For those arriving from Kunming: Head to Yuanyang via Jianshui , which is not a bad city in itself; kind of has a worn-out/ancient feel to it. Also, the barbecue is amazing, and am very sad to not have eaten at a restaurant on a lane off of the local ancient street that was carpeted with real grass. From Jianshui, head to Nansha, and from there, take another bus to Xinjie, which is the main town in the Yuanyang area. From there, you’ll have to take a minivan to the specific village area that you plan to stay. Sunny Guesthouse is located in Duoyishu. （You may see somewhere that it is in Pu Gao Lao Zhai, which is true, but Duoyishu is what you should mention to the driver.)
Kunming to Jianshui bus: 80 RMB Jianshui to Nansha bus: 30 RMB Nansha to Xinjie bus: 10 RMB Xinjie to Duoyishu: 15 RMBish
You do not need to pay the entrance fee into special viewing “zones.”
For those heading to Xishuangbanna: Lonely Planet will suggest that you go on to Lvchun, which is a terrible idea. Buses from Lvchun don’t leave very often, and you’ll likely be stranded there for a half day, which is also terrible, because there is absolutely nothing there. It would be even worse, if, like us, you are suddenly struck with terribly acute food poisoning and have to spend two days there. It would be a much easier and expedient route to go back to Kunming, and from there head to Xishuangbanna.
To get back to Xinjie, flag down any minivan, although after early evening, they’ll be hard to find.
After acclimating to a constant aural background of honking horns and building (de)construction in the works, my first memory of Kunming is the drive to the hostel being a very quiet one. I told the cab driver that, compared to Beijing, Kunming was very peaceful, and she asked what made the capitol city so loud.
“Everyone honks their horns all the time,” I said.
“And why do they do that?”
Taxi drivers, if you can understand them, are a good source of information and conversation – they’re language partners virtually held hostage until the destination is reached, and the fare paid.
She was a lady, and I asked if there were many female taxi drivers. -Tons in Kunming, she told me. And then she started on about how much more capable women were than men (purely in local terms), and in a comment of semi-domestic racism, none of which I had really heard in China before, said that the Dai minority women work very hard, because they had to, seeing as all Dai men are very, very lazy. Until then, I’d only heard general comments re: regional generalizations, like, “Sichuan women are very hot, because they eat a lot of spicy food.”
She mentioned Hai O, who I should go and see, as he was in Kunming at the moment and had come with a group. I wondered who this Hai O – who had come from Siberia – was and if I had ever heard of him and if I would supposedly have a good time seeing him because we both happened to be foreigners. He was leaving in 10 days so the timing was quite good, she said, and that was all very well but still, why bother? And I was getting a bit confused, until I realized that Hai O was not a person, but a group of seagulls visiting Kunming for the winter season.
The Siberian seagulls had taken up residence in Kunming’s Cui Hu (翠湖, or Green Park Lake), one of the best parks I’ve been to to date, with a really vibrant, uplifting energy. Members of China’s plentiful elderly community (i.e., “old people”) were singing in casual join-in choirs and impromptu trios playing classical Chinese tunes, dancing choreographed numbers to taped recordings, and hundreds of civilians and soldiers had come out on a bright afternoon (my first so far) to feed the Siberians, throwing pieces of bread in the air and holding out whole baguettes for the more ambitious of the flock. And the cherry blossom (?) trees were in full bloom.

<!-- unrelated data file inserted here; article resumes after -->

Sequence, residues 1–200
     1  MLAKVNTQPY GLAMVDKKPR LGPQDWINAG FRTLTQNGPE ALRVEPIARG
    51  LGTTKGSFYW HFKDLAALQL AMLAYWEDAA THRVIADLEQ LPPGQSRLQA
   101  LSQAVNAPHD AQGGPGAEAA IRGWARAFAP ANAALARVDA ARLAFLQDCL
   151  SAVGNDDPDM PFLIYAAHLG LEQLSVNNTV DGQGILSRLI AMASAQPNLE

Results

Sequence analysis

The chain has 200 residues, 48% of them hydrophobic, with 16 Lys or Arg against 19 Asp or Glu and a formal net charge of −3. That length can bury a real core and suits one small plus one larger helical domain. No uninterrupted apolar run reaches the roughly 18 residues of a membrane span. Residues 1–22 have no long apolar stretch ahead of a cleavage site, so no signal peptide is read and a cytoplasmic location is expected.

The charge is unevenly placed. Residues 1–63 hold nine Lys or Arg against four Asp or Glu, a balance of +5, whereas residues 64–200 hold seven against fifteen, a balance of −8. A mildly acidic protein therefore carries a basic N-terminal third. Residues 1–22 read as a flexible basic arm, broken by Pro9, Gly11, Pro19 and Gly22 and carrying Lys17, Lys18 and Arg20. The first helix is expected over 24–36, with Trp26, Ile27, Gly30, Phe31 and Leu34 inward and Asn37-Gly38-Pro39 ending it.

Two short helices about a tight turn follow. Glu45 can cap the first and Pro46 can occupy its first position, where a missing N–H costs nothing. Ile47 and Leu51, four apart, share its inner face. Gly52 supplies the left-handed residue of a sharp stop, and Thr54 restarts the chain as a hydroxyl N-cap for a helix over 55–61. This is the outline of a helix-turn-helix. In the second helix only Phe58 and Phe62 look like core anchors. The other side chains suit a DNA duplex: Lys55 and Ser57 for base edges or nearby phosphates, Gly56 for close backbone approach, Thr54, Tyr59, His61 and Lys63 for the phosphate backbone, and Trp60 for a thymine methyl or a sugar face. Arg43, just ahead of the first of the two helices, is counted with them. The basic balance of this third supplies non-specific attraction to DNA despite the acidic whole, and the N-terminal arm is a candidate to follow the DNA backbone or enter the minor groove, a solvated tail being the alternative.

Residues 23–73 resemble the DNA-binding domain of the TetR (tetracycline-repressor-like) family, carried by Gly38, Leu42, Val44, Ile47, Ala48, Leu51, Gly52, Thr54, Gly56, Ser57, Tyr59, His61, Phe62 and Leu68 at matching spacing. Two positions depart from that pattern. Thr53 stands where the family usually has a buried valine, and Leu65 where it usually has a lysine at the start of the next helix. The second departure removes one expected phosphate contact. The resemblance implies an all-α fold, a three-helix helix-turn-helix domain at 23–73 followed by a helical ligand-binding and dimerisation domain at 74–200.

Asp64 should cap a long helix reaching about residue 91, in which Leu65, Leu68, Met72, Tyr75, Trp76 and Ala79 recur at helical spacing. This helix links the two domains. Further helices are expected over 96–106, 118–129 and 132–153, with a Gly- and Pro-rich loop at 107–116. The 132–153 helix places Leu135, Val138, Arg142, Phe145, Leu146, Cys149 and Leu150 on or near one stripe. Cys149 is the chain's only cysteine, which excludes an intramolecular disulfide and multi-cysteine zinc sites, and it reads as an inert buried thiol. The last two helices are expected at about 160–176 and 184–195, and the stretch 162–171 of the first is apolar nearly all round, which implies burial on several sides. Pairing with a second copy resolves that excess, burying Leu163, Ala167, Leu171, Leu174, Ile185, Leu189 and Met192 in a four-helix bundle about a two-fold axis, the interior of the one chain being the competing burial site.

No better way to celebrate the fine weather than to go inside, (we opted to forgo the Kingdom of the Little People). Nick – forever a slave to the guidebook – had been wanting to try out a restaurant recommended in the Lonely Planet, and so we headed to Tang Chao Yi Pin, where we ended up ordering approximately 4 dishes too many, the result of a terrible inability to discern portion size from poorly proportioned photos.
The distortion of the pictures was intentional. I’m convinced it was all a scheme to prey on travelers, enchanted by the prices and deceived by the small-seeming portions, and susceptible to over-order. The other wai guo couple across the room was likewise drowning in dishes, and all I could think about was the message we were sending that foreigners ordered poorly and wasted their food (when abroad one always represents her country). I spoke to the waitress, mostly out of a need to explain ourselves: “The pictures on your menu are very very small,” I told her.
40 RMB, 4 Bed Dorm Room w/ shared bathroom The sheer width of a single bed is almost that of a queen, and one of the most comfortable beds I’ve found at a Chinese guesthouse. The shared bathrooms are pretty clean, and the showers are outfitted (at least on the 2nd floor) with free shampoo and body lotion, although the toilets sometimes give off this weird fishy smell. Lost Garden is also a pizzeria, with real cheese and legitimate foreign cooks; it’s more of a boutique budget hotel than a guesthouse, however – don’t expect the staff to be able to give you directions to the station, or anywhere for that matter, or to comment on any tourist sites (“I have never been there”) or to suggest how to get from point A to point B (“I don’t know, buy a plane ticket?”).
Check out: Tang2 Chao2 Yi1 Pin3 (18 Wenlin Jie): Very large proportions and lots of local, for pretty cheap. As You Like (5 Tianjundian Xiang, off Wenlin Jie): Downright authentic homemade sourdough bread, baked goods and pizzas. Look out for a sign in the alley. The Loft (101 Xiba Lu): The Loft is Kunming’s very intimate art district based in converted factories, and has a few cafes, as well as a gallery that shows free movies every once in a while. If you go up on the second floor of one of the buildings, you can see that it was burned in a fire. Though it’s 101 Xiba Lu, you’ll only see a very large sign marking “Loft No.99” up on the facade of second floor of a tall white building on Xiba Lu. Confucius Temple, Lingxing Gate (Renmin Middle Road): An overgrown, aging temple in the middle of the very developed in Renmin Middle Road. Plants fight each other for space inside the temple grounds, and there’s also a teahouse nested within the pavilion, where old men play cards. Extremely peaceful in early morning hours, and especially good for solitary contemplation during rain showers.